Its 135kW power and 270Nm torque outputs do make it a nippy little hatchback, it has a scifi Jetsons-esque soundtrack. The ride on its 17-inch ‘Power Stroke’ alloys is firm yet its poppy, fun handling justifies the urban jostle. The Mini’s regenerative braking system is OK, but not as powerful as the system in the Leaf.
Inside there’s an 8.8-inch touchscreen with wireless Apple CarPlay, DAB radio and in-built navigation. The Mini is style over substance, but as an inner-city BEV there’s nothing as cool as a well-specced Cooper SE.
Hit the link below for our comprehensive news and reviews on the Cooper.
Mini Cooper SE specifications
2022 Nissan Leaf e+
The Leaf might now seem like an EV out of time, but it still has plenty going for it – if you can overlook a few points
The Nissan Leaf, starting from a relatively low $50,990, should still have a place in Australia. After all, not everybody can spend over $60,000 on an EV, ruling out the vast majority of models in this buyer’s guide.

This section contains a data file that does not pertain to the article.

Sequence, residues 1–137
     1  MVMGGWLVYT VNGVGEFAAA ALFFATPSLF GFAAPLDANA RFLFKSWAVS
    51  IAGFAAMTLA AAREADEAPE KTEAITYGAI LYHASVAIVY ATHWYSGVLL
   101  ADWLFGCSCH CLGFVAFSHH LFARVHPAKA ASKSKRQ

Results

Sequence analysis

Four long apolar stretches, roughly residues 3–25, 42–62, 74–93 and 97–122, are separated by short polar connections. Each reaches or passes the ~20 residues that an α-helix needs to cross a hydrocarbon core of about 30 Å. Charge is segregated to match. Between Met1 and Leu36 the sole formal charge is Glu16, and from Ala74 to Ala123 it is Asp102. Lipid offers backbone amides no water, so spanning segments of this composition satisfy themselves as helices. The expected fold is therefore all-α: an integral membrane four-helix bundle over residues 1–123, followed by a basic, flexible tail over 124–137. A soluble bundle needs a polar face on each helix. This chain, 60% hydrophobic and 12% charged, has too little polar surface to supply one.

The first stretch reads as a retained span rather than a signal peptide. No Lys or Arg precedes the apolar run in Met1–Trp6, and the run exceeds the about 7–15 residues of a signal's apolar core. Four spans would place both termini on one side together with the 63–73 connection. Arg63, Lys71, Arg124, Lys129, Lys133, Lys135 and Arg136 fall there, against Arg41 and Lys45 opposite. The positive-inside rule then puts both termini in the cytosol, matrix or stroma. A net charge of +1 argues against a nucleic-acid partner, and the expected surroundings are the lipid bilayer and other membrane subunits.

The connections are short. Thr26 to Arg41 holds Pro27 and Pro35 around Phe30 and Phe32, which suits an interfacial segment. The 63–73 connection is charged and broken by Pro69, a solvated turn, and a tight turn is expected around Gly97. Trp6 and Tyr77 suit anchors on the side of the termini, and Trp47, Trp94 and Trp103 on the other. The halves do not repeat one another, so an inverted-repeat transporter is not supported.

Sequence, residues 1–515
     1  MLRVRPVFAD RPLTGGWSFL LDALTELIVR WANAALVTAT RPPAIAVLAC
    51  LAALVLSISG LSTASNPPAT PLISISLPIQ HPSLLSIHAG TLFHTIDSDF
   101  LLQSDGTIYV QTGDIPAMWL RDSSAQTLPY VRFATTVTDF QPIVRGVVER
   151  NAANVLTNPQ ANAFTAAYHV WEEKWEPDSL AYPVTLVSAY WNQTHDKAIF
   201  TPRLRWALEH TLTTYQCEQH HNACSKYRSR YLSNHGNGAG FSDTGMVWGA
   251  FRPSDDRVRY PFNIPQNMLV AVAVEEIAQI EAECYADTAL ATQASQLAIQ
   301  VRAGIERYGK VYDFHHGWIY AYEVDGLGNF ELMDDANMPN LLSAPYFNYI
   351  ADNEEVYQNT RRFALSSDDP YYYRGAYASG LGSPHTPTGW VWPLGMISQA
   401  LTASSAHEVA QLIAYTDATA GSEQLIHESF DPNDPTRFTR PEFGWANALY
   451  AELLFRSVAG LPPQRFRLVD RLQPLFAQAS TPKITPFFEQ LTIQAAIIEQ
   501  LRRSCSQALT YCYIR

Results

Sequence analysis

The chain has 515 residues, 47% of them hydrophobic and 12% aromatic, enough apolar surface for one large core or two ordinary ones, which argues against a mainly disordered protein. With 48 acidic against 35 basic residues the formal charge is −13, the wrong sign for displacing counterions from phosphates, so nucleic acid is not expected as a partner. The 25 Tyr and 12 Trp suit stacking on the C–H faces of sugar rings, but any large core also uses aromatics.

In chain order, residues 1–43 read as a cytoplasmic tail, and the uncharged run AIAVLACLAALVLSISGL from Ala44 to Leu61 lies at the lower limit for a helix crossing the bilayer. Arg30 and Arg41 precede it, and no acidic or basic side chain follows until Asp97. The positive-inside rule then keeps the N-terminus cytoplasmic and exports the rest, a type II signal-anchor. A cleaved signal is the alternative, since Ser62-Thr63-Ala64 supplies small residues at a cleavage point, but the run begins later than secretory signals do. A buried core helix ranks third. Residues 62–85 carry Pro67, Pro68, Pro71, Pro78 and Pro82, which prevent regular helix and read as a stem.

That’s where this gets tricky: the EV we’ve got here is the Leaf e+, a more powerful, longer-range (385km vs 270km), faster-charging version of the new second-gen model. On a system level, this is the variant that competes best with most of today’s EVs.
The price? Over $60,000. $61,490, actually, which is $1000 more than when it launched last year. Everything is more expensive now, but it suggests Nissan can’t budget for repositioning the Leaf – which, while upgraded, features a whack of carryover first-gen tech and parts – in recognition of more stylish and further-driving $60k-ish alternatives.
Can Nissan really insist that the Leaf is a genuine rival to the $65,500 Model 3 and the $63,900 Polestar 2? It shares this problem with the $64,000 Hyundai Kona Electric, a compelling EV with a greater 449km driving range, but still a hard sell against the tech, style and range of the Tesla and the Polestar.
It isn’t without selling points, however. As a small car, the Leaf is fairly roomy, with good visibility in most directions, and overall comfort is good – although there’s no tilt adjustment for the seats, which will frustrate some. Practicality is otherwise strong, though, with its 400-litre boot comfortably outdoing the Corolla and Mazda3 – and, for that matter, comparing well against the Polestar 2’s 405 litres and the Model 3’s combined 425-litre front and rear cargo space.